Freedom of Information Act
The FOIA (Freedom of Information Act), is a federal law in the United States that allows for the disclosure, or partial disclosure, of documents controlled by the government. It was signed into law by President Lyndon Johnson on July 4, 1966, and went into effect the following year.
In 1996, the FOIA was amended with the Electronic Freedom of Information Act Amendments that provides any records covered by the FOIA beginning on November 1, 1996, must be available online.
Nine exemptions in the FOIA
- Any information declared by executive order of the President to remain secret in the interests of national defense or foreign policy.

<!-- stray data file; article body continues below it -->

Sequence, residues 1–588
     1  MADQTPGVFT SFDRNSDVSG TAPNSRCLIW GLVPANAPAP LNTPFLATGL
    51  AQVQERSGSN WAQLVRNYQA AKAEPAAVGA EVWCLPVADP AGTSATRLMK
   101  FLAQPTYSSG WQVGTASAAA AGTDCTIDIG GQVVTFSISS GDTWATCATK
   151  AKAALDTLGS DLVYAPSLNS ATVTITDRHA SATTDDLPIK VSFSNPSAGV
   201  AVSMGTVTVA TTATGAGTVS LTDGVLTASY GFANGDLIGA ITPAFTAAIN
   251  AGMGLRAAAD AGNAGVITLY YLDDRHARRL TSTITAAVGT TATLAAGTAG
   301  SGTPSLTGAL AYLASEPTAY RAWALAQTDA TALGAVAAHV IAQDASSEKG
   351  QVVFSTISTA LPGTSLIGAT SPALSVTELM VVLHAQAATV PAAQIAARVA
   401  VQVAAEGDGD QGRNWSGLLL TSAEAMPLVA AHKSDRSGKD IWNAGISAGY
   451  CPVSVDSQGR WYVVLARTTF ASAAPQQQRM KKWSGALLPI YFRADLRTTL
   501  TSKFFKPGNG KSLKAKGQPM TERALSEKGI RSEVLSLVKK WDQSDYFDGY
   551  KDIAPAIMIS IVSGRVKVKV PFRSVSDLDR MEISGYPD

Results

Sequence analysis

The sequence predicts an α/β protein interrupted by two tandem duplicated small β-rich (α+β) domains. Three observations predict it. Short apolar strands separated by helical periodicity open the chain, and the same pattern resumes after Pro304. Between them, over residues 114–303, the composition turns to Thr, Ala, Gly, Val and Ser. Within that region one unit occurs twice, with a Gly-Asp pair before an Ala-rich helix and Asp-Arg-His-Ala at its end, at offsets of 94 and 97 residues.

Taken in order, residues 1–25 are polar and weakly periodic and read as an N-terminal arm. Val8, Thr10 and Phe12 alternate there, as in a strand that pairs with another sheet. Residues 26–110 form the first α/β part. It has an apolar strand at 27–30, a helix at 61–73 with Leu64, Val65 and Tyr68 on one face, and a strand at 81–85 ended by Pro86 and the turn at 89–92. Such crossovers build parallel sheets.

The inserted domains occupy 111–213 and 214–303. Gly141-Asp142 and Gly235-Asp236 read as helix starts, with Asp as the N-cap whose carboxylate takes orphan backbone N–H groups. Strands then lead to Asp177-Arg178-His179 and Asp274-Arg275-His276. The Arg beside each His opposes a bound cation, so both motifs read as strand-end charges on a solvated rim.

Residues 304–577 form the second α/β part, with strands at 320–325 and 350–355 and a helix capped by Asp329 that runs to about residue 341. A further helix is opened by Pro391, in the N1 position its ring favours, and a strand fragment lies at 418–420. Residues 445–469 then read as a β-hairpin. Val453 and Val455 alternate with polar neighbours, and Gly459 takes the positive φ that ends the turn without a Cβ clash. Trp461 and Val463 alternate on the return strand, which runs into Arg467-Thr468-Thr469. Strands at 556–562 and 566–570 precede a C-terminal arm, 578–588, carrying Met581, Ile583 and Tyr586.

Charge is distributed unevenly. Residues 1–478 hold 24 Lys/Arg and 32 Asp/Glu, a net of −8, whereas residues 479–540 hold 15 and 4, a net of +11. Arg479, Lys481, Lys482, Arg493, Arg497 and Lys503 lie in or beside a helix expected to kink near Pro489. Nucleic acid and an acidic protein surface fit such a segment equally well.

- Information that is only related to the internal personnel rules and practices of a government agency.
- Information specifically exempted from the FOIA by another law.
- Any trade secrets, or financial or personal information about a person that are privileged and confidential.
- Communications between government agencies that would not be legally available to anyone other than a litigant against the agency.
- Medical files or similar confidential information that would constitute a clear violation of personal privacy.
- Records whose disclosure would interfere with law enforcement proceedings, deprive a person of a fair and impartial trial, or reveal the identity of a confidential source.
- Information or reports used by an agency responsible for the oversight of financial institutions.
- Geological and geophysical data such as maps concerning wells.